Growing up in Garden City, before moving with his parents to Livonia when he was 16, John Walsh used to dream — as many young boys growing up back then did — of being an astronaut.
Like many of the time, he was enthralled by the idea of space travel. But there was one thing tripping him up when he thought of pursuing anything in that realm as a career.
He struggled with math.
“There was, in fact, a long phase when I dreamed of being an astronaut,” said Walsh, now the president and CEO of the Michigan Manufacturing Association. “I remember … being excited, along with the rest of the nation, over space travel. But alas, I read, write and talk better than I can do math, so ….”
Walsh had also planned to serve in the Navy after law school, but learned he was a Type 1 diabetic while applying for Officer Candidate School and the Judge Advocate General corps.
“So, I found other ways to serve,” said Walsh, who earned a bachelor’s degree in international relations and public policy analysis from Michigan State and his law degree from Wayne State University Law School.
Walsh has had a diverse career, serving in both the public and private sectors. He was a member of the Livonia City Council and spent a couple of terms in the Michigan House of Representatives.
Much of what he’s done revolved around manufacturing, including a college internship with the National Association of Manufacturers in Washington, D.C., back in 1983.
He served as an M&A lawyer, an executive at Schoolcraft College running the school’s Business Development Center and as a legislator.
“Manufacturing is truly in our state’s DNA, and certainly in mine, as well,” he said. “The MMA … has been a perfect fit. My senior thesis was based on that experience and addressed the challenges and opportunities of managing a membership association with members diversified by industry, size and geography. Who knew? There are some days I wish I could find that paper!”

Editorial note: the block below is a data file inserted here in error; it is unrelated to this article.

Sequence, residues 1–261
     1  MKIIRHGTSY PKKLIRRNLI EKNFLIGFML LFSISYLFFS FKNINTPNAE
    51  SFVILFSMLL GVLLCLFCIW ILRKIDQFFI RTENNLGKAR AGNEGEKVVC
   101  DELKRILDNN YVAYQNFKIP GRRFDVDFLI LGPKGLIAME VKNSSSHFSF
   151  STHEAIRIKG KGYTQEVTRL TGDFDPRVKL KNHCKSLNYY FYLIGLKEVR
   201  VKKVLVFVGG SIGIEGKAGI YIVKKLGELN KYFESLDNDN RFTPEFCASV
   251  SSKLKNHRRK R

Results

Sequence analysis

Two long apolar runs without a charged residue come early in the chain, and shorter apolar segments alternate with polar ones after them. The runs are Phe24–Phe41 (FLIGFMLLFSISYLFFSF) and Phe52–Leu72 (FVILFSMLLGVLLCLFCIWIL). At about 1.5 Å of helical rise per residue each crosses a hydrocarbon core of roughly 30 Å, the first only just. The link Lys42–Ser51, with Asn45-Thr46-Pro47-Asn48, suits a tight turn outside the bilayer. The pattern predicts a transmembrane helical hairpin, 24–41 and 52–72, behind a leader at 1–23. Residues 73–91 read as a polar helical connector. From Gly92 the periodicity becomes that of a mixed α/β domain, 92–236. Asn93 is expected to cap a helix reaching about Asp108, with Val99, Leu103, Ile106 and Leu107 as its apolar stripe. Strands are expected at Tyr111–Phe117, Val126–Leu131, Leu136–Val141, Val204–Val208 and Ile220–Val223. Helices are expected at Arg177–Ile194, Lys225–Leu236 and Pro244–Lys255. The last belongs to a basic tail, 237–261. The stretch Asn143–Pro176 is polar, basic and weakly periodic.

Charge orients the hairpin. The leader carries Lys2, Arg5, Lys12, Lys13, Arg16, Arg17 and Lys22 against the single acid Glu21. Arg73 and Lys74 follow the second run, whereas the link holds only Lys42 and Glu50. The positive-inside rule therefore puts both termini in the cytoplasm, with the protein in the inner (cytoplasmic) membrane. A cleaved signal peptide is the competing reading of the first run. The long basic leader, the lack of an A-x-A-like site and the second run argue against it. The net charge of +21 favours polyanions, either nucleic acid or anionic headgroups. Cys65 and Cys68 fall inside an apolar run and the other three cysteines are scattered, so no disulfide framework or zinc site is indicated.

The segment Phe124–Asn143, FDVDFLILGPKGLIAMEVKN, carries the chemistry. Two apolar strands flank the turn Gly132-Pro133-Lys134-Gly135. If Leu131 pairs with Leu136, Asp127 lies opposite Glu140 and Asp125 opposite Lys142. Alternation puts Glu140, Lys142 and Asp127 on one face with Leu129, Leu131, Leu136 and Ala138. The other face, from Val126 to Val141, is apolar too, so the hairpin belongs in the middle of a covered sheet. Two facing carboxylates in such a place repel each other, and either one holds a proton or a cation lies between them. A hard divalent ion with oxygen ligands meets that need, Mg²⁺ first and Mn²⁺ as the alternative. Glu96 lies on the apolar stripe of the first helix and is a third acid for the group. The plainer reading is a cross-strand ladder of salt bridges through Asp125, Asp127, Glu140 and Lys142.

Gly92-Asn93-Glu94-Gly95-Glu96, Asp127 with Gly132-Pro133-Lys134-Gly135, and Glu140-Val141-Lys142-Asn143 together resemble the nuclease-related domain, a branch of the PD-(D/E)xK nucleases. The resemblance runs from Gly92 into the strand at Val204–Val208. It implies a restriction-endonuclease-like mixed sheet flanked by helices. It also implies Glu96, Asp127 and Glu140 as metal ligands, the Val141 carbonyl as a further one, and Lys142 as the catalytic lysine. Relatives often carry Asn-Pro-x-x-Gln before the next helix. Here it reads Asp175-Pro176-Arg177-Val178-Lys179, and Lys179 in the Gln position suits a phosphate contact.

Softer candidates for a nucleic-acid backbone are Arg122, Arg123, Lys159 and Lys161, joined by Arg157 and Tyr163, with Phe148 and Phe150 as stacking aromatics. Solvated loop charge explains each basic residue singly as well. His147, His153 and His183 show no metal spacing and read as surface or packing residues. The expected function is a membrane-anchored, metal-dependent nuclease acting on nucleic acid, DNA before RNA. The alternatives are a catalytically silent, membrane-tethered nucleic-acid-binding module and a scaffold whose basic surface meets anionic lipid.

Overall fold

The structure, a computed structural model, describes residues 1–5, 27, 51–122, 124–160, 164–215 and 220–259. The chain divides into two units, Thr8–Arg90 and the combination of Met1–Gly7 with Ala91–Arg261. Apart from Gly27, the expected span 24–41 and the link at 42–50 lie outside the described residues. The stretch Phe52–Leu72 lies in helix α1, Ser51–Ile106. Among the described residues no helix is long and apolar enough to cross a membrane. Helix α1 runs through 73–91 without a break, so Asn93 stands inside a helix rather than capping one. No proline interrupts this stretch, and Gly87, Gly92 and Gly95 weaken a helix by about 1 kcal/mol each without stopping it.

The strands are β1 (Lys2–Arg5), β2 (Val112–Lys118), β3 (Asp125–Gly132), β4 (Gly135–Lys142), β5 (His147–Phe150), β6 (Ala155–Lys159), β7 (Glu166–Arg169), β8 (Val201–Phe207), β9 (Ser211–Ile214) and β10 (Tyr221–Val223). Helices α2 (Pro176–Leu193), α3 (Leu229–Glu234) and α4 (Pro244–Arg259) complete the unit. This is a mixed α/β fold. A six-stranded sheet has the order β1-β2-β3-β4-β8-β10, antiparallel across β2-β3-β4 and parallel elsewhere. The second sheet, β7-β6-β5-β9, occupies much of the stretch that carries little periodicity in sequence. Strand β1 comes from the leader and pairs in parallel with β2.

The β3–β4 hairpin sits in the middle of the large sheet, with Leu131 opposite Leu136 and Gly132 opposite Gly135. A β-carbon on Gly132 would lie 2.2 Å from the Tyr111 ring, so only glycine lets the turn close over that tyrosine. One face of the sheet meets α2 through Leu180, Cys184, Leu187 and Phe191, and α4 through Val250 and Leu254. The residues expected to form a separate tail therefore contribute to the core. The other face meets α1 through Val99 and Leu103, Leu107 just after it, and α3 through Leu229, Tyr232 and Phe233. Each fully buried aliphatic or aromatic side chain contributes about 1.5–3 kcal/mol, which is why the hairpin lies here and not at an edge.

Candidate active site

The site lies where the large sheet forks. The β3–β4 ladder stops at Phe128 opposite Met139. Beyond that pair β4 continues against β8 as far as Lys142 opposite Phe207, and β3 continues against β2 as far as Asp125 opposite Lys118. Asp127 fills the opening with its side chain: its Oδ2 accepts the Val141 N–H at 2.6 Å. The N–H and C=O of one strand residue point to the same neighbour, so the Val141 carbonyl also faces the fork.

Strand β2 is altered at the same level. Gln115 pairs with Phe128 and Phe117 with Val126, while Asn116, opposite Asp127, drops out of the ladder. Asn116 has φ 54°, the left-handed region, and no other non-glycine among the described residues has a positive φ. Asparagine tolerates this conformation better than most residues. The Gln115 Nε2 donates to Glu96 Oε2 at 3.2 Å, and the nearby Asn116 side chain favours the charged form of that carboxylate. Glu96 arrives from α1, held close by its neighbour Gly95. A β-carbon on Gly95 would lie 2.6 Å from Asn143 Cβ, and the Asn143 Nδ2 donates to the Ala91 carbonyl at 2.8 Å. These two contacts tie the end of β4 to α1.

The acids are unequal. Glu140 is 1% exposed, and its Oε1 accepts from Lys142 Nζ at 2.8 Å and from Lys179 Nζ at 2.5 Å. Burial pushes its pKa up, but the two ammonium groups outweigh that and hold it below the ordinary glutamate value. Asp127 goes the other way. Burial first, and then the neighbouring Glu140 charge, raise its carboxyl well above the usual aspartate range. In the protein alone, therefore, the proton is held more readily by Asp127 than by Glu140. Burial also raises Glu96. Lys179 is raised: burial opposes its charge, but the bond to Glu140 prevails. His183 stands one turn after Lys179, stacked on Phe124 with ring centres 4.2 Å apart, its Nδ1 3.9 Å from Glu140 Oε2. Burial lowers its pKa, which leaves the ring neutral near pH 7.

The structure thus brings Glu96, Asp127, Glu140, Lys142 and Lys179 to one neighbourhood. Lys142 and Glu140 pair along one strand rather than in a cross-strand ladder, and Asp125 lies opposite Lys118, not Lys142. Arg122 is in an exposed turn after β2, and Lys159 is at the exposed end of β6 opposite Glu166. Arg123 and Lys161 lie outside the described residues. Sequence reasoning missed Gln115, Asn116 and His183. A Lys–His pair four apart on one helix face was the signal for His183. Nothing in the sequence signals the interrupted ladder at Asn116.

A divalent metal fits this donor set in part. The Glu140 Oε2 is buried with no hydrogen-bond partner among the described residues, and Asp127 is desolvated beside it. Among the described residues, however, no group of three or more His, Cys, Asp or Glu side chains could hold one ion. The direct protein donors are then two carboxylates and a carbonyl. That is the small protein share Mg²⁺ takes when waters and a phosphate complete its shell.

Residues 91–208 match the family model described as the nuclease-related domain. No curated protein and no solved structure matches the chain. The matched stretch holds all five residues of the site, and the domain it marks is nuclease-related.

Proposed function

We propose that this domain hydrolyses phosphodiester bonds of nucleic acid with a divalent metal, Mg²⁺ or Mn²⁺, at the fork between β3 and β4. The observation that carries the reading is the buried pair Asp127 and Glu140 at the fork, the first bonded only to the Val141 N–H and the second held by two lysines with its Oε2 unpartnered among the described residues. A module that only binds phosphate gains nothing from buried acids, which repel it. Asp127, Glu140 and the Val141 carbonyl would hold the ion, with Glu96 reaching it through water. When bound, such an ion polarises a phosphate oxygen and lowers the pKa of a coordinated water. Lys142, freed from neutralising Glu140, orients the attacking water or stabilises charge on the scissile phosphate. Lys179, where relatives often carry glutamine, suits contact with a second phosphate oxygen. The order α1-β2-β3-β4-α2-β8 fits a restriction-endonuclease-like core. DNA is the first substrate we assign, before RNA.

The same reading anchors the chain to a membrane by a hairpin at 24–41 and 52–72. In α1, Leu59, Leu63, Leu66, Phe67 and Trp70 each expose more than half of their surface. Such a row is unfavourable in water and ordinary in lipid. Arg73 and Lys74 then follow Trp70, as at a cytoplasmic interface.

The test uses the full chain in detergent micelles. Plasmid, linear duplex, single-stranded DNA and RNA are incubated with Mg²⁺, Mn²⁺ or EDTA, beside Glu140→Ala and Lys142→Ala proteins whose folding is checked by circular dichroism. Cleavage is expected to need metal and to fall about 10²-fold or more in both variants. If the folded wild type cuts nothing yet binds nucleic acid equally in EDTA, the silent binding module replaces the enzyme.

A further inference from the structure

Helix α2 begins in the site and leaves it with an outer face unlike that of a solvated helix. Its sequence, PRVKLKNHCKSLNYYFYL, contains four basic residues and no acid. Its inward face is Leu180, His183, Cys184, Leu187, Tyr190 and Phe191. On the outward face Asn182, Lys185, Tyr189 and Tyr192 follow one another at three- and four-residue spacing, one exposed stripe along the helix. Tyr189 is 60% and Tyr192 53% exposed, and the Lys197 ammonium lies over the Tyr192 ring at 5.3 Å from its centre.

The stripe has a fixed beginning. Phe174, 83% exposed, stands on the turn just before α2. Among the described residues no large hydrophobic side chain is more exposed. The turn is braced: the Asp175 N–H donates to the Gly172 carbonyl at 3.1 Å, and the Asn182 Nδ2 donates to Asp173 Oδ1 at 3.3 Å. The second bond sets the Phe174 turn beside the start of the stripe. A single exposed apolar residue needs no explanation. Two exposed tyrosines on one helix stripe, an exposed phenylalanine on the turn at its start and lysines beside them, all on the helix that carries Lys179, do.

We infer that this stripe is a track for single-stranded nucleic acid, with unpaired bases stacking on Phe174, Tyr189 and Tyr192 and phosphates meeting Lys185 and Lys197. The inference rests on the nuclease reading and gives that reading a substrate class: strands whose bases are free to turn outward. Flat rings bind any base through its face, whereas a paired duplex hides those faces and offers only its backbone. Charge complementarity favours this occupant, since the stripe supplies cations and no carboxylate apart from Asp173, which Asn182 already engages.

President of the Michigan Manufacturing Association since 2020, Walsh shared his views on a variety of issues with Corp! Magazine:
Corp! Magazine: U.S. Commerce Secretary Gina Raimondo was in town recently and said that, particularly in Michigan, economic recovery is going to be led by the manufacturing industry. Do you agree with her?
Walsh: Absolutely. Manufacturing represents 19% of our gross state product and nearly 15% of our workforce. Other industries, as important as they are, fall several points behind. Manufacturing by its very nature represents the creation of wealth, as a raw product is modified and improved in its value during the process. Manufacturing provides high paying jobs with good benefits. We’re already leading in the recovery.
Corp!: She also said the state had the third-largest second-quarter (2021) growth in the country. What role do you think manufacturing had to play in that?
Walsh: The manufacturing sector nationally and in Michigan showed growth earlier than other industries following the worst of COVID-19 last year and continues to perform robustly. I would suggest manufacturing was the leading contributor to the state’s overall growth in the second quarter, resulting from rising demand and production.